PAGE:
NYU Wireless to Build 5G Programmable Platform with NSF Funding
Wednesday, January 20, 2016 | Comments

The NYU Wireless research center announced it will build an advanced programmable platform to rapidly design, prototype and validate technologies vital for the millimeter wave (mmWave) radio spectrum, potentially key to launching the next ultra-high data rate generation of wireless communications.

Funded by a National Science Foundation (NSF) program that supports exploratory work on potentially transformative research, the platform will be one of the first of its kind available to researchers from academia, government and industry who are driving the early stages of mmWave 5G technology.

Millimeter wave communication relies on highly directional transmissions in which energy is concentrated in narrow beams. Current mmWave prototyping systems use directional horn antennas mounted on mechanically rotatable gimbals. These mechanical systems are too large and slow for mobile applications. The new software-defined radio (SDR) platform will integrate an electrically steerable phased array with no physically moving parts and near-instantaneous steering.

Equipment from NYU Wireless affiliate sponsor SiBEAM, a Lattice Semiconductor company, will provide the RF front end for this test bed. Equipment from another NYU Wireless affiliate sponsor, National Instruments (NI), will provide a high bandwidth and massive baseband processing system to create mmWave prototypes capable of high data rates and very low latency.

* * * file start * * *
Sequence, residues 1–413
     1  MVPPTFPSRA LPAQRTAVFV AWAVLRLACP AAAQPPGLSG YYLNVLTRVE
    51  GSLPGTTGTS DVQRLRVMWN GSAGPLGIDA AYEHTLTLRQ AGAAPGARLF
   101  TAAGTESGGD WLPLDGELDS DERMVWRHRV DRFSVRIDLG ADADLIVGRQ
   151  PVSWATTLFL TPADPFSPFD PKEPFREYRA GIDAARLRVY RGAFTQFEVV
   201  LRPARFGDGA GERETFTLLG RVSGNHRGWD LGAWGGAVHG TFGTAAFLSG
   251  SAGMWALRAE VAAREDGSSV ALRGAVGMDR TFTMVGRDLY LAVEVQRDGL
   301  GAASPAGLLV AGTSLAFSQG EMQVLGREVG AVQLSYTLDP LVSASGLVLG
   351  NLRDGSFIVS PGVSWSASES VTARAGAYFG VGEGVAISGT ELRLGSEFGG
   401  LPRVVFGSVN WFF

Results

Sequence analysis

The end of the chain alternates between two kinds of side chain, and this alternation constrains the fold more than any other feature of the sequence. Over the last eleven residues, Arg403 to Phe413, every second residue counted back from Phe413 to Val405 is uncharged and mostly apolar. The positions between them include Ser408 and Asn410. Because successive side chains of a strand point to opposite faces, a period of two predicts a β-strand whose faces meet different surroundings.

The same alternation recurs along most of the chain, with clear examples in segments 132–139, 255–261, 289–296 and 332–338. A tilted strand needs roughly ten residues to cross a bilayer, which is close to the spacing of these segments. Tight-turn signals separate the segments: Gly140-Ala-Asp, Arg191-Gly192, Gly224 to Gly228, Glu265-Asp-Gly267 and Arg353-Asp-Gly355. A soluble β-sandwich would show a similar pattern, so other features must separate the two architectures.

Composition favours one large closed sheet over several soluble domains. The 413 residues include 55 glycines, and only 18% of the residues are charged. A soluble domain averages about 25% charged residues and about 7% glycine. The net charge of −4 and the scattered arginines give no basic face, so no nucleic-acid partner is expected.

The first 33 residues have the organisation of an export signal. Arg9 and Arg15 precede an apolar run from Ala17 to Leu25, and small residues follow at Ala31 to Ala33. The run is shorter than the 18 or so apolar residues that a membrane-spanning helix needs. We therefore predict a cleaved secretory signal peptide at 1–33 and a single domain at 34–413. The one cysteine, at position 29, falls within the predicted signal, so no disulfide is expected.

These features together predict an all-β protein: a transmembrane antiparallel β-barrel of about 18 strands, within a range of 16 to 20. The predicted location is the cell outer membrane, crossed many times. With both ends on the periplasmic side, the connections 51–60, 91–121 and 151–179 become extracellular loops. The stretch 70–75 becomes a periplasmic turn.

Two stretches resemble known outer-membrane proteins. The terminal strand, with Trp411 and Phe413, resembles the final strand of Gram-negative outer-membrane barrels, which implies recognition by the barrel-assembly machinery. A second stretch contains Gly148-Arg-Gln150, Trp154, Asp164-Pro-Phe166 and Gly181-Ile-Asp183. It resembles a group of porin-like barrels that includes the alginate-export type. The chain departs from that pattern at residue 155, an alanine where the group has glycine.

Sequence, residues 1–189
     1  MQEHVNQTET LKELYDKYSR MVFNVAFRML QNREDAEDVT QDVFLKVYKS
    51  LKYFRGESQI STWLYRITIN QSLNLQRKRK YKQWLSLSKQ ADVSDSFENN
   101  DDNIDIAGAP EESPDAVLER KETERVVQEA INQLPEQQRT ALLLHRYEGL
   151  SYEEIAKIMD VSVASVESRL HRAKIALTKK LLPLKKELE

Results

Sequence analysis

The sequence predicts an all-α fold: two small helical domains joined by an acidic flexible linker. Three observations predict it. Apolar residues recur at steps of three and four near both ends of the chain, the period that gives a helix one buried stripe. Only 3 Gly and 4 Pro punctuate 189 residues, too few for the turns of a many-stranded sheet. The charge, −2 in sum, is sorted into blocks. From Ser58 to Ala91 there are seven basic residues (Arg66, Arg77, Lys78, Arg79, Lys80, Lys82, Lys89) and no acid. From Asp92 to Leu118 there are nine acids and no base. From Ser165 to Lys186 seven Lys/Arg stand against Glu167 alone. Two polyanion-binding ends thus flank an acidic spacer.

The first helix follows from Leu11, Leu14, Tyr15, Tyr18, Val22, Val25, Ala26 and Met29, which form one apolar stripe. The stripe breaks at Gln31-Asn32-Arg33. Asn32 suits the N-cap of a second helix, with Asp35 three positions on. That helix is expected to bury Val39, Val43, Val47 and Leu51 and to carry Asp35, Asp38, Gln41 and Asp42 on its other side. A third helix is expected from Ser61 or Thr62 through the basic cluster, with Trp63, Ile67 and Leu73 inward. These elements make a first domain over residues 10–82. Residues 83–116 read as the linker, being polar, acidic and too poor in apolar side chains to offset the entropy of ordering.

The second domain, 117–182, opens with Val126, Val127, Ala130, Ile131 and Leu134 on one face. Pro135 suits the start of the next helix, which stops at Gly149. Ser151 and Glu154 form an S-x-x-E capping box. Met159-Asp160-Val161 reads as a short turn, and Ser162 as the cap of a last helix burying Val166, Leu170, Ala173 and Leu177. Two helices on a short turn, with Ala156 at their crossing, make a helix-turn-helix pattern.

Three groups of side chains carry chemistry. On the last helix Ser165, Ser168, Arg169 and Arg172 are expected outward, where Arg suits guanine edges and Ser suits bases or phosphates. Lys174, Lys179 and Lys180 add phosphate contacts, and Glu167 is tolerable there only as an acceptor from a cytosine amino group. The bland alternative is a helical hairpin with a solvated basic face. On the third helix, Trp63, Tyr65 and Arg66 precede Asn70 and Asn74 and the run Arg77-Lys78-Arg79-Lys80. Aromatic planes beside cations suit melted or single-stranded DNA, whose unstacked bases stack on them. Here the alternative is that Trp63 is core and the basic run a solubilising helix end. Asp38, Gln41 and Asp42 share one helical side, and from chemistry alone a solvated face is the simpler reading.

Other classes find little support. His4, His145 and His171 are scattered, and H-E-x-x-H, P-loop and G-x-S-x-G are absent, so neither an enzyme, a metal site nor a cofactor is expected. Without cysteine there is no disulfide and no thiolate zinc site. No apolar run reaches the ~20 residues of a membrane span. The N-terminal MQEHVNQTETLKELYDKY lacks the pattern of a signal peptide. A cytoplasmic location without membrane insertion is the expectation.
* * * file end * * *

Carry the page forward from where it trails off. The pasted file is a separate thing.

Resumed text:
Both SiBEAM and National Instruments (NI) will provide engineering support to New York University researchers. As part of the program, support will be provided for the system’s release to other university and industry groups to speed development of mmWave technology. The mmWave spectrum above 10 GHz could provide 200 times the capacity of all cellular spectrum allocations, and 5G is projected to become more than 1,000 times faster than 4G, a statement said.

“The development of an open-source, powerful SDR platform will greatly speed the development of mmWave systems and allow academic and industry groups to bring design ideas to reality,” said Sundeep Rangan, NYU Wireless director and associate professor of electrical and computer engineering at the NYU Tandon School of Engineering. “This project was only possible by leveraging the unique expertise of companies such as NI and SiBEAM and with crucial support from NSF.”

Rangan is the lead researcher for the project, which received approximately $100,000 for equipment as part of the NSF Early-concept Grant for Exploratory Research (EAGER). In addition, NYU Wireless founder Theodore (Ted) S. Rappaport is a co-leader on the project and developed many earlier mmWave systems with NI. Aditya Dhananjay, a postdoctoral fellow at NYU Wireless and the NYU Courant Institute of Mathematical Sciences, will lead development.

“The National Science Foundation views the availability of open-source, programmable wireless platforms as a critical part of the next-generation wireless innovation ecosystem,” said Thyaga Nandagopal, program director at the NSF. “We consider this project as one that will provide such a capability for millimeter-wave wireless networks, building upon our prior investments in enhancing the research infrastructure in this arena.”

The first version of the system will operate in the 60 GHz band, one of several that the FCC, using input and research from NYU Wireless and others, decided to regulate to move mmWave technology toward commercialization.

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